Mercedes Benz GLS Review: The best SUV in the world.
Nothing says you've made it in life as an S-Class pulling up at the kerb and the back door being swung open for you. There are more expensive, luxurious, sophisticated and of course more expensive cars than the big Benz but not without good reason have we been calling it the best car in the world. Its single-minded focus on comfort, on ignoring sporty pretensions, on shutting you out from the outside world and leeching out the stress and detritus of daily life… no car made in any serious volume does it better. Even a journalist with a race track splattered across his t-shirt lights up at the sight of an S-Class, especially after multiple flights from halfway across the world, the last making a lengthy weather related diversion to refuel forcing me to endure an extra four hours next to a lady who would not stop yammering away. 23 hours since I left for the airport I recline the back seat, turn on the massage, ask the lady chauffeuring me to crank up the Burmester, knock my head back into the pillow stuffed with goose feathers, and let out a sigh. Will the newly launched GLS transport me to a better place, as the S-Class always does?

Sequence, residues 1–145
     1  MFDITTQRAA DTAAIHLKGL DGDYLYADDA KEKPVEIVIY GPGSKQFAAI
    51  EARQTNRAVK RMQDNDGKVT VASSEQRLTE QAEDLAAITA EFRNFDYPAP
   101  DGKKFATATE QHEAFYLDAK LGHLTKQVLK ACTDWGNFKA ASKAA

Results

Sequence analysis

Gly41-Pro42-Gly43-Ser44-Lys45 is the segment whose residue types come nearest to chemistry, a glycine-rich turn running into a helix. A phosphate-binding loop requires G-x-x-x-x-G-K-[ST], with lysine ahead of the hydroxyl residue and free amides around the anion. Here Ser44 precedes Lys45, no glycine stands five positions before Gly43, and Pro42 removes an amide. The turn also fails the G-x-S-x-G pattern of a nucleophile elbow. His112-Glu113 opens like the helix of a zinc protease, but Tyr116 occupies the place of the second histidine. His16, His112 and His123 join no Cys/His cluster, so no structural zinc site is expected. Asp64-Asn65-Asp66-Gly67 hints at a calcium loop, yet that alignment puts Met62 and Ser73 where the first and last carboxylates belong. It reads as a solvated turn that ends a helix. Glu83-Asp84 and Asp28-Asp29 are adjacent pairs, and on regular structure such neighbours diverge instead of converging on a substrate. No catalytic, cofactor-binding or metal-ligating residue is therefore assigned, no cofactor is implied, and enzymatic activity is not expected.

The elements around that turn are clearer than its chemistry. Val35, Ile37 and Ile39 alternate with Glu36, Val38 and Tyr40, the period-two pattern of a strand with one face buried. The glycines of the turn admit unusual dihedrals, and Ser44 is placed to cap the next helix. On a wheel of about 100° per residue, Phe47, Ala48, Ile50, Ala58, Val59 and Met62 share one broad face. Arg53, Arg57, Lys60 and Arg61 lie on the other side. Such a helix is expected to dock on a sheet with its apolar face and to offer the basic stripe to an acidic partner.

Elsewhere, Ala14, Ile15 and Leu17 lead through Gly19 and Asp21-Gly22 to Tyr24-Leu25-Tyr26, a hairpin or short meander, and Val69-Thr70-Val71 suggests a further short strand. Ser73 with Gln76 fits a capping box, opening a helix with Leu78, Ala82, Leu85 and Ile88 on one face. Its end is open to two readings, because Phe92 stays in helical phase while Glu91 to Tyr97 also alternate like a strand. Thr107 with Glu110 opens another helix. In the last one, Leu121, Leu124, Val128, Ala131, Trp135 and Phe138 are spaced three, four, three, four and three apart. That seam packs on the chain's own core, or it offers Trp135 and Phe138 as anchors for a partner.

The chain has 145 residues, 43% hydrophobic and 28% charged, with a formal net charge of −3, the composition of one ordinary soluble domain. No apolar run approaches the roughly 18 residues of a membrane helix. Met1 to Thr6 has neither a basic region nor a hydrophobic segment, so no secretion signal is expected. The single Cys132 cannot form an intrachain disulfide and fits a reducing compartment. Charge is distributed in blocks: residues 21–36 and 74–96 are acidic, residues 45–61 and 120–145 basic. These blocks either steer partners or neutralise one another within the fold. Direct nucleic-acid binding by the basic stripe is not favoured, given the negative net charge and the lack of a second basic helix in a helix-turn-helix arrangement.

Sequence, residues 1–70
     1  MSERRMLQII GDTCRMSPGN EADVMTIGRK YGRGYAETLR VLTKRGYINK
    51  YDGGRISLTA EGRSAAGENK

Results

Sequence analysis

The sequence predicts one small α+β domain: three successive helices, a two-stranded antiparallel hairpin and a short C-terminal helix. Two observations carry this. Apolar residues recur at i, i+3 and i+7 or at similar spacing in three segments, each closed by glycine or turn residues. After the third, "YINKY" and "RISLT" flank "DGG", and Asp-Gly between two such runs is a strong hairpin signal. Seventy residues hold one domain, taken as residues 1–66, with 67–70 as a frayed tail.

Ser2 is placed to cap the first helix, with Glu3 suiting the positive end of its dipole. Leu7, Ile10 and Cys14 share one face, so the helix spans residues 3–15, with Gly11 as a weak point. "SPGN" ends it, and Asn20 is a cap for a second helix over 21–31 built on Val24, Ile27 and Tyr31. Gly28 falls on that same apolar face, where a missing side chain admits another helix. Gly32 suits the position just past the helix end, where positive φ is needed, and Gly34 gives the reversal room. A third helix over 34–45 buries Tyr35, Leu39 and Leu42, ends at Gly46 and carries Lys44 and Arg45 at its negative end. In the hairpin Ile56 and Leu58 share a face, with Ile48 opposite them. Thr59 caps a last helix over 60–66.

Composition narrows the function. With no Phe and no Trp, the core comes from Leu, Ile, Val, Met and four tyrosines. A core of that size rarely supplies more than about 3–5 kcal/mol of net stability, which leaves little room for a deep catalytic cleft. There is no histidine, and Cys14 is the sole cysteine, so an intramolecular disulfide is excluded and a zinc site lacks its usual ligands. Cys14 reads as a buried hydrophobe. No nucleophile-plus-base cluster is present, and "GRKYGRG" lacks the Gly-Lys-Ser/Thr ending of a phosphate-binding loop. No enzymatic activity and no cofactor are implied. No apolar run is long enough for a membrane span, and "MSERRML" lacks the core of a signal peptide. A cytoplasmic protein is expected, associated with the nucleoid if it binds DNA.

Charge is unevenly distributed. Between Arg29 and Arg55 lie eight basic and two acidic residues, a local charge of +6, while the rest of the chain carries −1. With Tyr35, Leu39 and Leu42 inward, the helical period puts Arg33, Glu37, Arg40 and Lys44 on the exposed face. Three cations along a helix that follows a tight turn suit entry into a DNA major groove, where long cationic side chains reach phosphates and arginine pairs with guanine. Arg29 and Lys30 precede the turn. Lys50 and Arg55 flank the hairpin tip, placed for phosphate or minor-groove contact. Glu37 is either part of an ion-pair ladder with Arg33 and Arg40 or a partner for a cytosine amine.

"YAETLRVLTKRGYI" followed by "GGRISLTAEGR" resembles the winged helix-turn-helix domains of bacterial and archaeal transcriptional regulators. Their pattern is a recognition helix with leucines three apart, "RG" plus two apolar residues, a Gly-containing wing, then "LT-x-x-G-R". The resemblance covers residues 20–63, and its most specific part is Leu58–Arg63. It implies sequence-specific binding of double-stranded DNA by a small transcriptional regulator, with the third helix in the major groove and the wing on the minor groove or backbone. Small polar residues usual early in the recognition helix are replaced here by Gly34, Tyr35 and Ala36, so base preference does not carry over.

Next morning I wake up to clear skies, snow capped Rockies and an appropriately German-accented tech-talk on what makes the GLS the S-Class of SUVs. Let’s be honest, the outgoing GLS was no S-Class of SUVs. The rebadging of the GL to the GLS in 2015 was timed with the mid-life facelift to the X166 and that wasn’t the best SUV you could buy, forget having S-Class levels of greatness. This new GLS is really all-new, and even though cramped was used by precisely nobody to describe the old GLS, the new one grows in every direction. 60mm is added between the wheels, the driver has to stretch a further 15mm to hold hands with the passenger, 87mm is added to the second row legroom extending it to a total of 1065mm (over a metre! This is a cricket pitch!), passengers in the third row have 878mm of leg room, and the boot with all seats (electrically, of course) folded down is bigger than an average Mumbai flat at 2400 litres. I don’t know of a larger SUV and the consequent cabin space is properly humongous. Will the size be an issue in India? Not really, for the GLS will be nothing if not chauffeur driven. But it’s also appropriate that we’re driving it in the US where only two months ago we drove BMW’s X7; a country where everything is oversized and a 5.2 metre long GLS gets dwarfed by America’s best selling vehicle, the Ford F-150 pickup.